On Tuesday, the Inyo National Forest (INF) shared its Draft Travel Analysis Report in a meeting held at the Cerro Coso campus in Bishop.
In a nutshell, the INF says it does not have enough money to administer all the trails in its current route system.
In its presentation, it declared 814 travel segments comprising 326 miles and 19 percent of its total system mileage as “likely not needed.”
It estimates it would need $880,000 annually to take care of the current system, but only received $512,250, or 58 percent of budget, for that purpose this year.
Its goal: “Identify the minimum road system needed for safe and efficient travel for administration, utilization and protection of National Forest System lands.”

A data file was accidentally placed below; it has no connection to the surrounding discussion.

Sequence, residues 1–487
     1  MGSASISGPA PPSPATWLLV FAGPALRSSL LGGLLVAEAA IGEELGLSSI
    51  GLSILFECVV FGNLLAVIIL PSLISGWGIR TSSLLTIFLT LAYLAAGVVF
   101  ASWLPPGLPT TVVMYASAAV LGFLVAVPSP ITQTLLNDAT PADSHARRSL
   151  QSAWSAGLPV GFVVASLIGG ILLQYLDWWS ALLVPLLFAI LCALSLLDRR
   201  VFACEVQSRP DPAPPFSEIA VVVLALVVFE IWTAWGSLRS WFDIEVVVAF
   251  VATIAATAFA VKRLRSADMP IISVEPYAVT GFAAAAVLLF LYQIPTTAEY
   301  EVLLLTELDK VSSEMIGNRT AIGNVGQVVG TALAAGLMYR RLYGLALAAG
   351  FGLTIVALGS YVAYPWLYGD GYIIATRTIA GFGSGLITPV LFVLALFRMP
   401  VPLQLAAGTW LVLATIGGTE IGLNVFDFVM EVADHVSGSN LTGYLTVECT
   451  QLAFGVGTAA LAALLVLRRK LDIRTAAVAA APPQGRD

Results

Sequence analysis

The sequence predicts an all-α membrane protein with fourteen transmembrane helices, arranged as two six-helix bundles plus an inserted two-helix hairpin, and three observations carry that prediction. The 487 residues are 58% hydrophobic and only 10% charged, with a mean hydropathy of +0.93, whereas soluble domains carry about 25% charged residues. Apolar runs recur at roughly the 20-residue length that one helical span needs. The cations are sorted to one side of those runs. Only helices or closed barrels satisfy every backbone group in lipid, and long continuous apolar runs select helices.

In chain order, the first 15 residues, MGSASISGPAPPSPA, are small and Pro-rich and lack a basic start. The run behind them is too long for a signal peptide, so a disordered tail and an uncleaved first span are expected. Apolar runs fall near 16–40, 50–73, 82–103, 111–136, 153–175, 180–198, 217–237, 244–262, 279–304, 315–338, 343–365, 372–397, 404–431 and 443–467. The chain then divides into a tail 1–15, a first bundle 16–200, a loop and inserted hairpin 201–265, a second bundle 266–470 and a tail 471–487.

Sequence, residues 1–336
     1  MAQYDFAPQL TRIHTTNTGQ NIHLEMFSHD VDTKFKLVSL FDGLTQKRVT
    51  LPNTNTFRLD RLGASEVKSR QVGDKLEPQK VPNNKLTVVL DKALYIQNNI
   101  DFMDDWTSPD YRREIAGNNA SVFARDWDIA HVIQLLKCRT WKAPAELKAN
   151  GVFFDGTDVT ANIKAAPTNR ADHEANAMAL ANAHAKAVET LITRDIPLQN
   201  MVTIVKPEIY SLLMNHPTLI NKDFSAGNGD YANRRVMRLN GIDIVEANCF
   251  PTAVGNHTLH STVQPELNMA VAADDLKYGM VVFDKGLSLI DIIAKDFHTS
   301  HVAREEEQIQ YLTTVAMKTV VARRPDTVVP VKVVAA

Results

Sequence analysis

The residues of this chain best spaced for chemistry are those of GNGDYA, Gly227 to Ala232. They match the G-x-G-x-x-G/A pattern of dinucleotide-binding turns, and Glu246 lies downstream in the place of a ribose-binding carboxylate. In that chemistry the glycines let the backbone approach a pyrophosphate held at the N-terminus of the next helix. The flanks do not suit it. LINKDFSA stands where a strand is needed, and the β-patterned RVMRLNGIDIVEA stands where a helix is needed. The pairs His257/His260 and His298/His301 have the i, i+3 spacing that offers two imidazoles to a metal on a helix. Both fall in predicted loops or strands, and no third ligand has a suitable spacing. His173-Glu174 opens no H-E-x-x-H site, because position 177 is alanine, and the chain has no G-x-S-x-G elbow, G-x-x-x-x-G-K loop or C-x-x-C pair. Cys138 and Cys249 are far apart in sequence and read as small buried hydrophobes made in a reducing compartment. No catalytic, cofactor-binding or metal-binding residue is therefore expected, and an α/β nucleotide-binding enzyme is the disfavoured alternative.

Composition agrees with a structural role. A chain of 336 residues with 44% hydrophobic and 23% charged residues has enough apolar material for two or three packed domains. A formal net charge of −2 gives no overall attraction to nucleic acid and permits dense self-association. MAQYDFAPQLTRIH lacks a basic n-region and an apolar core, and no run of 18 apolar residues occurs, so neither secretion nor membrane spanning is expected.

Opponents such as Randy Gillespie said that maintaining the main arteries and closing a lot of road spurs may sound good, but it’s not good policy.
In fact, he said, when groups traveling in the backcountry cross paths, as they often do, if you don’t have a few spurs to use as options, people end up having to go off-road and end up creating even more damage to the resource than they otherwise would.
He doesn’t understand why certain road segments can’t just be left alone. Don’t close them and don’t maintain them.
Public input on the Travel Analysis document is encouraged by May 18. To comment, visit www.fs.usda.gov/detail/inyo/landmanagement/planning.